We have done extensive work on the issue of tax exemptions, amnesties, immunities, tax waivers and asset whitening schemes and their impact on tax collections and economy as well as how these benefit the rich and mighty and made the poor and middle class to bear the real incidence of the taxes. We also highlighted the gross constitutional and legal violations committed by successive governments, military and civilian alike in extending extraordinary exemption on behalf of various lobbies, representing the rich and mighty. Our articles, joint and individual, can be seen at:
Tax reform programmes and strategy involve continuity in key decision-makers and major educational campaigns concurrent with the introduction of tax reform proposals to familiarise taxpayers with the new requirements. In Pakistan, we merely made it a bureaucratic exercise which was bound to fail.
The Royal Commission on Taxation in Canada (the Carter Commission) and the Musgrave Commission in Columbia are said to have done the finest work up to that time in applied public finance because of their comprehensive analysis, rational approach and recommendations which could not have been possible, if a short time frame had been prescribed.
The World Bank (WB), in an appraisal paper related to Pakistan Raises Revenue (PRR) has termed “vested interests lobbying for tax exemptions, internal tensions and wariness of change among the Federal Board of Revenue (FBR) staff, and potential disputes affecting provinces’ readiness to collaborate with the FBR as high-risk factors” for tax reforms. It may be mentioned that the total cost of Pakistan Raises Revenue (PRR) Project is estimated at US $1.6 billion, of which counterpart contribution is $1.2 billion and IDA financing is $400 million.
In the past as well, WB, DFID, and others gave a lot of money to Pakistan for reforms, yet things have changed only for the worse on fiscal/tax front. Pakistan Raises Revenue (PRR) Project is purportedly designed to “sustainably increase domestic revenue by broadening the tax base and making it easier for citizens and businesses to pay their taxes. This will make it possible for Pakistan to finance the investments in infrastructure, education and health needed for the country to accelerate and sustain growth”. The lion’s share of huge funding will go in the pockets of so-called foreign experts who have no idea of our mundane realities and rest will be wasted by untrained workforce we have in all tax agencies at federal and provincial levels.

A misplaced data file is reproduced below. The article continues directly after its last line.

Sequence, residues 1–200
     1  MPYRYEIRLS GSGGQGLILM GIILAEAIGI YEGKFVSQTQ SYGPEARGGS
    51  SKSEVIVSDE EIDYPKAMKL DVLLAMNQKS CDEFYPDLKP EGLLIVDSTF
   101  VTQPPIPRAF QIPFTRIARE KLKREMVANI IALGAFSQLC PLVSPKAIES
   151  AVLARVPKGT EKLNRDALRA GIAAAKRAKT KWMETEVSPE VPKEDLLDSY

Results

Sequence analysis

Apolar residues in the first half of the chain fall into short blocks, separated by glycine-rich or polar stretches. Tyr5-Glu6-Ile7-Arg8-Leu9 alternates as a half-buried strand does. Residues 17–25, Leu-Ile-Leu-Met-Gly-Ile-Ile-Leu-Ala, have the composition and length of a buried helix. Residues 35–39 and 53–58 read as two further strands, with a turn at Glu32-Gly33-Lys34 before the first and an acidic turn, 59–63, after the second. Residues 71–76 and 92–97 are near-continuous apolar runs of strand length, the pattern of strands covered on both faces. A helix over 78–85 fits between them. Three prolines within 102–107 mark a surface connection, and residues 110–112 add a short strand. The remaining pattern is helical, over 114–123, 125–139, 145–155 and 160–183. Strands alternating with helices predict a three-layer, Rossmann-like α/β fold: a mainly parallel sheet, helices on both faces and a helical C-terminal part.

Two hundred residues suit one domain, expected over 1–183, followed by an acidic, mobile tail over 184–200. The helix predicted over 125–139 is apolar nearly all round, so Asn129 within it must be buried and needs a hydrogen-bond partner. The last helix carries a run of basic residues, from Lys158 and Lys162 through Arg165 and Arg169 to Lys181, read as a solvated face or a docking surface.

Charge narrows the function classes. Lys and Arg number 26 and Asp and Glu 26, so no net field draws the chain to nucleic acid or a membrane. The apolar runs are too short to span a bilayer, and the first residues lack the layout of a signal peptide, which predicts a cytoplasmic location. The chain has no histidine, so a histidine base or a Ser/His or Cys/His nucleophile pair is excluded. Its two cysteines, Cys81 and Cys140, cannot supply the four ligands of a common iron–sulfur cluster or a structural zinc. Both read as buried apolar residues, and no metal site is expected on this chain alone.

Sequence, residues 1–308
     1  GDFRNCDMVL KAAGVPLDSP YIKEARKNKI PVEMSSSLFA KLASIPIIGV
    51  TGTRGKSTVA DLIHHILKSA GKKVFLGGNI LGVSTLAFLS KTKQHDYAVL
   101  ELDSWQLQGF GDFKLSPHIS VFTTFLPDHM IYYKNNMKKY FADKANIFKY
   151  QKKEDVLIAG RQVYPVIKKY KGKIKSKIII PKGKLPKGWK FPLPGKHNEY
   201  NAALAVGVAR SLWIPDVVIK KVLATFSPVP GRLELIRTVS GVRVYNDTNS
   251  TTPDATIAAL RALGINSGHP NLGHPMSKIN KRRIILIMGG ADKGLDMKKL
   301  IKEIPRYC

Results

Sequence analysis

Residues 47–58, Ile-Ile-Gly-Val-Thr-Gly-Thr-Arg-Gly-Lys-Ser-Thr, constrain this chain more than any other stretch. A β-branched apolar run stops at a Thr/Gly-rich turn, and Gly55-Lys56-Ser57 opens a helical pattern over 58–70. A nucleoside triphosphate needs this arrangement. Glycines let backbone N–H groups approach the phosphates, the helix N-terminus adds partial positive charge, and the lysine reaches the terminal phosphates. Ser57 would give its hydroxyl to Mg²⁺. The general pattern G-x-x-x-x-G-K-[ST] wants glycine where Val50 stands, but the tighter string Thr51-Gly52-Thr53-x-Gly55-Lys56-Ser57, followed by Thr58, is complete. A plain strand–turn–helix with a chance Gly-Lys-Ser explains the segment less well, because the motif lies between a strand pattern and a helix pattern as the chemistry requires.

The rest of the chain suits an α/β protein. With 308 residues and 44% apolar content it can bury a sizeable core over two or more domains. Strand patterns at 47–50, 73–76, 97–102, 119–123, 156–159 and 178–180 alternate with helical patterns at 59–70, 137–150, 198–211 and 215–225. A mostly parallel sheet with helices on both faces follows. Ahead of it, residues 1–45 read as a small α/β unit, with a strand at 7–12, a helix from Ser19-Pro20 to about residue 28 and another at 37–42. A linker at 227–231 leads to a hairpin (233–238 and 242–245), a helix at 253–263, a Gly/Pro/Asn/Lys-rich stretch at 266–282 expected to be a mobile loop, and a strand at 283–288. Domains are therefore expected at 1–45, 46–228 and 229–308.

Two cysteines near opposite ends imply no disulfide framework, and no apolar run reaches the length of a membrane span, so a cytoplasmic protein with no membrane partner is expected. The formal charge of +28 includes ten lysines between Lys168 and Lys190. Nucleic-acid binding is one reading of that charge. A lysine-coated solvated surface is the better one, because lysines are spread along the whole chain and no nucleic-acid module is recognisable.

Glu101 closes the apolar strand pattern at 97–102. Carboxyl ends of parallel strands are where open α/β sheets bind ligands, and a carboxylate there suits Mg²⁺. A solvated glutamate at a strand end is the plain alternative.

There is yet no research-based study available with World Bank for improving tax administrations at all levels and growth-oriented tax reform agenda. The World Bank in Pakistan Revenue Mobilisation Project has not shown any indication of taxing the rich though rightly noted as under:
Pakistan’s tax revenue potential would reach 26 percent of GDP, if tax compliance were to be raised to 75 percent, which is a realistic level of compliance for lower middle income countries (LMICs). This means that the country’s tax authorities are currently capturing only half of this revenue potential, i.e. the gap between actual and potential receipts is 50 percent. The size of the tax gap varies by tax instrument and by sector. The tax gap in the services sector is larger than in the manufacturing sector (67 percent vs. 46 percent respectively) and it is larger for the GST/GSTS than for income tax (65 percent vs. 57 percent respectively).